Book Column: An imaginative meeting of minds
I am part of “Imaginative Worlds,” a new book group at Floyd Memorial Library that consists of children who are 9 to 11 years old and their grown-ups, usually mothers. We meet every two weeks at the library and have a discussion led by librarian Mira Dougherty-Johnson and scholar Timothy Clayton Wood. This is funded in part by a grant from the New York State Council for the Humanities. Last week was the first session and we started with the picture book ‘Where the Wild Things Are’ by Maurice Sendak, which I’ve read before and written about before in this column. One of the marks of a really terrific book is that each time you reread it and each time you really listen to someone else talking about the book, you learn new things.
All of us were a little shy with each other at first, but our fearless leaders thought of two great icebreakers to get us more comfortable. First we were paired up with a new person from the opposite age group and we had to tell that person a true story from our childhood in which we did something naughty and were caught and reprimanded or punished. Then we had to listen very hard to our new partner’s true crime and punishment story. Then we went around the table introducing our new partner and telling their story. We were each in turn introduced to the group by our partner telling our story. It was a great way to get to know people very quickly and it was based on our book’s plot that has the hero, Max, acting like “a wild thing” and sent to his room without any supper.
Next, all the grown-ups went to one side of the room while the children went to the other so each group could prepare to act out the story for the other. The children made a boat out of two folding chairs for Max to sail “off through night and day and in and out of weeks and almost over a year to where the wild things are.” The grown-ups were not so foolhardy, inventive or small enough, but both groups managed the playacting very well, especially the wild rumpus.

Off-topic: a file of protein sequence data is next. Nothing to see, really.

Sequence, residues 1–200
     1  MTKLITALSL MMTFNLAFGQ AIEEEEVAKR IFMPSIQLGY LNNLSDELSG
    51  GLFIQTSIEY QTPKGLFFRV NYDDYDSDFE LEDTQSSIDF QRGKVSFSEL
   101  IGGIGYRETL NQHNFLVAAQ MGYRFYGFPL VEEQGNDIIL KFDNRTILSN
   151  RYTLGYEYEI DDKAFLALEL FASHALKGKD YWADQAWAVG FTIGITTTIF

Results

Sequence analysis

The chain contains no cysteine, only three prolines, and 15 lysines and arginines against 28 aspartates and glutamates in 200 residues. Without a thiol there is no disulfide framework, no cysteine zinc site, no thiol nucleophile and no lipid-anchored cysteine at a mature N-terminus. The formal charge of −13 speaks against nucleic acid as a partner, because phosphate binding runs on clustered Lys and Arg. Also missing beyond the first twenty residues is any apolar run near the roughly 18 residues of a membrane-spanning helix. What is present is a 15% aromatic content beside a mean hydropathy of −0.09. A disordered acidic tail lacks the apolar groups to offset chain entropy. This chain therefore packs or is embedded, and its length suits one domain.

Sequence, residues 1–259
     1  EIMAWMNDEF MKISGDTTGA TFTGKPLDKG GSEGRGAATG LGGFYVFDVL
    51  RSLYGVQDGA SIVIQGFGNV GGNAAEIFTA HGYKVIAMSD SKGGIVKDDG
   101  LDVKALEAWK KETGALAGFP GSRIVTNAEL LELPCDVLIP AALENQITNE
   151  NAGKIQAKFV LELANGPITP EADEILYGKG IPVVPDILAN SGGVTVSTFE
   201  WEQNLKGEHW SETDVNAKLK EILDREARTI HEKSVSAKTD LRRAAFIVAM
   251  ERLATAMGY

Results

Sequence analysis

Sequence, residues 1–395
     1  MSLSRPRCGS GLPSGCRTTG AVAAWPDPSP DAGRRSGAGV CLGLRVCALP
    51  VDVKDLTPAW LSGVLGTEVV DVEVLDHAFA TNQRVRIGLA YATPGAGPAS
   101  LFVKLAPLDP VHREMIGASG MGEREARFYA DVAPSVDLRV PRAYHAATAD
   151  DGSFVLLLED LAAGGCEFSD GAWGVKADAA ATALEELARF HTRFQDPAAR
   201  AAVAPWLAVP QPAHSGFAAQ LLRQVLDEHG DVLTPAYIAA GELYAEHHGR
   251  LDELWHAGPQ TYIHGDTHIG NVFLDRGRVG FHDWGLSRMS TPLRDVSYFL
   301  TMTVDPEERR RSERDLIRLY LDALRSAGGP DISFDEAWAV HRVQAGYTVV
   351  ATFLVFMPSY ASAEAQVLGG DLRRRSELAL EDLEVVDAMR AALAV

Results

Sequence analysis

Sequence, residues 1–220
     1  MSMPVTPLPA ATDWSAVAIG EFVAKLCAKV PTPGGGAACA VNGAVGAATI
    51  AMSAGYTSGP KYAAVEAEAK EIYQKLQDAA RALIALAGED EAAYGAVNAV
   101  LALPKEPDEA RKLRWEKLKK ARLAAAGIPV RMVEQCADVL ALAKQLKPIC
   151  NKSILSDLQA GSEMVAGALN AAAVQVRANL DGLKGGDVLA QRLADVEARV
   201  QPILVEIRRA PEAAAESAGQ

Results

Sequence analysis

We will be reading some other classics of imaginative children’s literature: ‘Alice in Wonderland’ by Lewis Carroll and ‘The Phantom Tollbooth’ by Norton Juster, as well as newer titles, ‘Tuesday’ by David Wiesner and ‘The Magician’s Elephant’ by Kate Di Camillo. I can’t wait to hear what other people think of them and what new things I will learn by rereading, by listening and by using my imagination.
One of the last books I read was ‘The History of Love’ by Nicole Krauss, who is also getting a lot of attention for her most recent book, ‘The Great House.’ She is married to Jonathan Safran Foer, whose book ‘Everything Is Illuminated’ was one of the library’s book discussion choices of a few years back. The two authors are young, attractive, talented and doing very well economically even in these parlous times, even in the book industry whose death the gloom-and-doomers are bewailing. They just bought a bigger brownstone in Park Slope, Brooklyn, to house their growing family and they keep writing terrific books that people want to publish, read and lavish critical praise on.
Some readers in our group found the multiple voices and nonlinear flow of “The History of Love” to be confusing, but others were enchanted and moved by its cleverness and humor, the books within the book and the sheer bravado of the beautiful writing. Nicole Krauss, like her husband, is of the generation whose grandparents were affected by the Holocaust and the Second World War. The books that are being written by this grandchildren generation are different from the books written by the children. The history is farther away, but still not forgotten.
Here is a sample of the voice of one of the protagonists, octogenarian locksmith Leopold Gursky, who long ago had written a book called “The History of Love”:
“Once upon a time there was a boy. He lived in a village that no longer exists, in a house that no longer exists, on the edge of a field that no longer exists, where everything was discovered and everything was possible … Once upon a time there was a boy who loved a girl, and her laughter was a question that he wanted to spend his whole life answering.”
The other main character is a 12-year-old girl, Alma, so named by her mother “after every girl in a book my father gave her called “The History of Love.” Which is, of course, the book written decades before by Leopold Gursky. The story ends with these two people meeting each other, but in the middle of the story we are transported back and forth in time, between Europe, South America and New York, and transported by a poetic imagination that is luminous and all-encompassing.
Ms. Johnson, of Greenport, is assistant director at Floyd Memorial Library and moonlights as an artist and newspaper columnist.